Buy American has hurt the U.S. economy and cost the country jobs, said Dawn Champney of the Water and Wastewater Equipment Manufacturers Association at an event hosted by the Canada Institute. The program explored the effectiveness of the controversial Buy American provision included in the Obama administration's stimulus package. The provision states that only U.S. iron, steel, and manufactured goods may be used in construction projects funded by the stimulus bill. The clause has prompted considerable concern in Canada that such measures will disrupt cross-border trade with its largest trading partner, and could be a sign that the United States was leaning toward protectionism to help its ailing economy.
Two Opposing Views
Champney explained that Buy American has greatly disrupted the U.S. private sector's ability to begin important infrastructure and other projects. Though the United States has historically used similar provisions in the past, said Champney, the Buy American provision included in the stimulus bill features much broader compliance requirements. This expansion is most noticeable for projects carried out at the municipal level. Under Buy American, noted Champney, municipal governments are currently required to complete stimulus projects using 100 percent domestic materials. Similar legislation in the past has required a far smaller compliance percentage.
To make matters worse, noted Champney, state governments do not possess the staff capacity or training to deal with complicated regulatory procedures such as Buy American. The result has been the delay of countless stimulus projects. According to Champney, $3.43 billion worth of stimulus projects in the water sector alone have been delayed as a result of Buy American. Delaying these projects has cost the United States 120,000 jobs and an estimated $21 billion of economic activity. Champney maintained that while companies can apply for Buy American waivers, very few waivers have actually been submitted because most manufacturers consider them time consuming or worse, fear a public backlash for using foreign materials.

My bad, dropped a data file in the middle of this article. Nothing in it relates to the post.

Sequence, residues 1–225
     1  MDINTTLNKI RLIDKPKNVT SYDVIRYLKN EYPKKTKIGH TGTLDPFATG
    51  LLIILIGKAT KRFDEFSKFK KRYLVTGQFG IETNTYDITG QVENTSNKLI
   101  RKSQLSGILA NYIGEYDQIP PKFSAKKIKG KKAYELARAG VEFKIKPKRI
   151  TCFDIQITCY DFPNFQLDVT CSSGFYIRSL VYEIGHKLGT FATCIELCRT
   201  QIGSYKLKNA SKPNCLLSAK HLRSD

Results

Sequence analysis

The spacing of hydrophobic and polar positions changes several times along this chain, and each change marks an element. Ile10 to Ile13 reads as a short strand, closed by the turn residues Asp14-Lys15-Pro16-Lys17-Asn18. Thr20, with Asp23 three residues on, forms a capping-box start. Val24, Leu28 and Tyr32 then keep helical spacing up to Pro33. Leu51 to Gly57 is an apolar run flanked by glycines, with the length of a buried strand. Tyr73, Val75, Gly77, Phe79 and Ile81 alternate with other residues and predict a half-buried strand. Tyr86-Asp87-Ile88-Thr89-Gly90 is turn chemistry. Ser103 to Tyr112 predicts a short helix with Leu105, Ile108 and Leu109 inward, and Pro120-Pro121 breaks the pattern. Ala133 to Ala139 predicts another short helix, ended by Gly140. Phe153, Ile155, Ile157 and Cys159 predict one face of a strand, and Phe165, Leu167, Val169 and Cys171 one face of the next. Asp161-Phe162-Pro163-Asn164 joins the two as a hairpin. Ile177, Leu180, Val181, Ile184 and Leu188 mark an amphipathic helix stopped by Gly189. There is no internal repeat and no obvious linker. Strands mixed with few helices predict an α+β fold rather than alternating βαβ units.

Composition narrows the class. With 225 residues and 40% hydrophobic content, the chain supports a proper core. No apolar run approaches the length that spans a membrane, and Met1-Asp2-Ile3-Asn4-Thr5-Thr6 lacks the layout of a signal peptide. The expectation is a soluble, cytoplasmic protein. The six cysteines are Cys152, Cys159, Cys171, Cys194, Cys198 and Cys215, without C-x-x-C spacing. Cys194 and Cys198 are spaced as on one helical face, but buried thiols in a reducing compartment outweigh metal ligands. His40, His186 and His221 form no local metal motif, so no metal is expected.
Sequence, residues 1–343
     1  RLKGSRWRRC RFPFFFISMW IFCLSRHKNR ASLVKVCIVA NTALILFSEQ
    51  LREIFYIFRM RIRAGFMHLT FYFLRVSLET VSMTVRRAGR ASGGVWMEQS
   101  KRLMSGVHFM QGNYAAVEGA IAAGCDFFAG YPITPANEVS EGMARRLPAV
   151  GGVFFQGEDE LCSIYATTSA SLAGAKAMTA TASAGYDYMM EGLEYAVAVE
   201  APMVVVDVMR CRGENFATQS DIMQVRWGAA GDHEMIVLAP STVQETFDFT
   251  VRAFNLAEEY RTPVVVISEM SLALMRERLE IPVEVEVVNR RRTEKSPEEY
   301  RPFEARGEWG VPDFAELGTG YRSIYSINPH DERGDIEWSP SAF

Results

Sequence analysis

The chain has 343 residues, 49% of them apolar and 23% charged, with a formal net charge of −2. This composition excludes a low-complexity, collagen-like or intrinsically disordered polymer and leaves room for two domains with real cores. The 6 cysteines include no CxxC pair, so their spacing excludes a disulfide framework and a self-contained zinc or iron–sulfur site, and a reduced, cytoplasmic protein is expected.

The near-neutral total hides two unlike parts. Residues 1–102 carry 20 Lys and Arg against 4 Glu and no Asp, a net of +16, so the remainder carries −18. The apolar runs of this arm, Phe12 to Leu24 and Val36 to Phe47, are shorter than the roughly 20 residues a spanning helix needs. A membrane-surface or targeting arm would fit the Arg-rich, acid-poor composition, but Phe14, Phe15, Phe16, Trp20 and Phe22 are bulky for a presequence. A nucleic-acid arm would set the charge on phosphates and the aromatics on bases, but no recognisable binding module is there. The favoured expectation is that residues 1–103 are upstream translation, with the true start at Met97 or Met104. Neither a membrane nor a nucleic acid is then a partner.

In contrast, Bob Baugh of the AFL-CIO made the case that Buy American is in fact creating jobs and is an essential component to the U.S. economic recovery. He said that the current economic crisis presented the United States with a rare opportunity to revitalize the country's manufacturing sector, which has lost 5.5 million jobs since the year 2000. He lauded the government's efforts to use stimulus money to create green jobs that will help the United States transition to a low-carbon economy. Baugh described the inclusion of Buy American as necessary to ensure that the United States create and retain jobs in manufacturing that will help lead the country out of difficult economic times: "...[I]f you recycle dollars within your own economy, you will create more direct and indirect employment."